Lucille woke to a rap on the door. “Hey’derr.” Tom’s voice echoed from the other side of her sanctuary. “Jus’ wanted ta let’ya know, ‘dat part’s takin’ longer than I’daspected. It’ll be’in-n abouts a week…”
Lucille groaned. There was no way she was staying in this ghastly nightmarish town that long. Especially not after what she had seen the night before, and the night before that. She began to suspect there was no part or no order for a part and that she was being led on to stay put. Head throbbing, she emerged from the bathroom to find the room as she’d left it, the light still on, the TV snowing static, and the chair still propped against the door.
“I broughts’a yer luggage,” Tom’s voice bellowed.
“I’ll be right there,” Lucille called to the closed door.
She composed herself, straightened herself up a bit, and crept forward slowly and methodically. Just one foot in front of the other… She hefted the chair out of the way and cracked open the door. Tom had apparently taken off, perhaps to the diner, and left her suitcase outside of the door.
Lucille cracked the door just enough to grab the suitcase and retreat inside. She took inventory of its contents. Nothing was amiss, and it appeared not to have been opened. Thank goodness. She gathered up some fresh clothes, loose-fitting and light summer travel-wear (shorts and a t-shirt), and she retreated to the bathroom to take a desperately sought shower. The warm water enveloped her like a much-needed hug and her headache receded. She emerged, toweled off and got dressed, feeling a bit more human again. It was time to plot her escape.
Deciding it was best not to let on to her plans or to withdraw wholly into her room, Lucille decided to brave the diner again. She figured it would give her a chance to observe her surroundings and secretly consider how to leave. Tom’s rusted out truck was stationed by the diner where she remembered him parking prior, almost as if he hadn’t left for days. She wondered if he’d had her luggage stashed in it this whole time but tried to push the thought from her mind.
She also noticed that the white Cadillac hadn’t budged from its sentry by the office. As she neared it to head towards the diner door, she made a mental note that the tires seemed solid enough, and the keys were still casually flung on the driver’s seat. Bingo.
She passed by the office, opened the door to the diner, and strolled through. The desk clerk smiled widely, bright white teeth glimmering slightly through her parted ruby lips. “Welcom’y’all back, hon,” she cooed.
Lucille took a seat at the near end of the bar. She requested a cup of coffee and an order of flapjacks to minimize conversation. She ate very consciously, taking note of her surroundings with every bite. The flapjacks were still doughy beyond what any amount of syrup could reconcile, but they were food anyway and seemed harmless enough.
The bearded man sat with the taller older man at the far end of the bar. They glanced up at her briefly and then shot their black eyes back down to what appeared to be a newspaper splayed between them. The vein in the taller man’s head throbbed less than the previous morning, receding into his flesh to be consumed by his wan face, and the bearded man’s facial hair was matted and crusted up with what appeared to be maybe thick jam or maybe old blood.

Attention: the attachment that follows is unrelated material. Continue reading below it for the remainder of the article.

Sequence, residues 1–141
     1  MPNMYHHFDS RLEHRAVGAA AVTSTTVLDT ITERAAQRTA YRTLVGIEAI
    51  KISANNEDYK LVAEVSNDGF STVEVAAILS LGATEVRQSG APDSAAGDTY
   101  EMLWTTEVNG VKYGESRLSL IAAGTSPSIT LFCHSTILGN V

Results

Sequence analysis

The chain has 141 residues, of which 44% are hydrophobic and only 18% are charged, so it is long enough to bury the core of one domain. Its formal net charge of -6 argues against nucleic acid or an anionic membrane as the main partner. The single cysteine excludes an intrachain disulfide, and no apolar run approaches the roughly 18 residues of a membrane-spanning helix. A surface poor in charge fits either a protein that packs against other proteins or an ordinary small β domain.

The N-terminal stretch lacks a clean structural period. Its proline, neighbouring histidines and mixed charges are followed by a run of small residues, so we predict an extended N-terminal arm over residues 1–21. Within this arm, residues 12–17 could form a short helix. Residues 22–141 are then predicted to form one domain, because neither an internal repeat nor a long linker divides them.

Tom stood from where he’d been sitting next to them as before. He sauntered over to Lucille, eyeing her over. “Glad ta’see ya gots yer luggage,” he said. “I’s sorry dat parts on backorder. Seems it’ll be a couple’a more days ‘fore it gets’in…”
“It’s okay,” Lucille murmured. “The wedding was today anyway. No hurry now, I already missed it.” She glanced up at him and forced a small smile. “Thank you for bringing me my suitcase.”
“’Twas da least I could-do,” he replied.
“Do you think you could take me into town?” Lucille asked. “I may as well look around a bit while I’m here. Is there anything to see?”
“Sure, I’ll drop’n ya off on‘m way ta da shop. Dere’s da l’il flea markt,” Tom considered, “It gots all sorta odds’n’ends.”
Lucille looked at the desk clerk. “Can you just add this to my tab?” she asked, “And can I take a coffee to go?”
“Sho’thing, hon,” she sang as she poured some coffee into a to-go cup.
Lucille pretended not to notice that all eyes were upon her as she and Tom left for his pickup. She just focused ahead. One foot in front of the other…
“So where am I anyway?” she asked. “I’m sorry but I hadn’t noticed where I’d gotten off the highway and I don’t get cell phone reception out here.” Crap, too much information, she thought.
“”Nightssshade,” Tom answered, the words spilling out of his mouth in a drawled out hiss. “Use ta be quite da tavern town, but not much here nowadays.”
“Why not? How far off the highway is it?” Lucille led the conversation, taking mental note of each answer as if her life depended on it, which she considered it very well might.
“Only a couple’a miles,” Tom shook his head. “Dunno why no one stops by now. Reckon it could be da casino up’n da road apiece.” Bingo again, Lucille thought.
“Dere’s da flea markt.” Tom pulled over. The town was a shabby and derelict mix of ruined and barely-standing old brick buildings, some toppled over and spilling what was left of their facades in haphazard piles on the sidewalk. The burnt skeleton framework of a building stood sentry across the street. The flea market was a ramshackle structure cobbled together with bits of old weathered wood and siding. It appeared to be more fleas than market, but nonetheless Lucille got out and wandered towards it.
“I be at da shop,” Tom gestured two fallout-ruin buildings over past a vacant lot overgrown with yellow weeds. Lucille recognized the boarded up gas station at the end of the row. She hadn’t realized straining to see through the smoke that it was so close to this semi-civilation when she’d stopped there before. “Jus let’n me know when ya wants ta go back to da mo-tel…”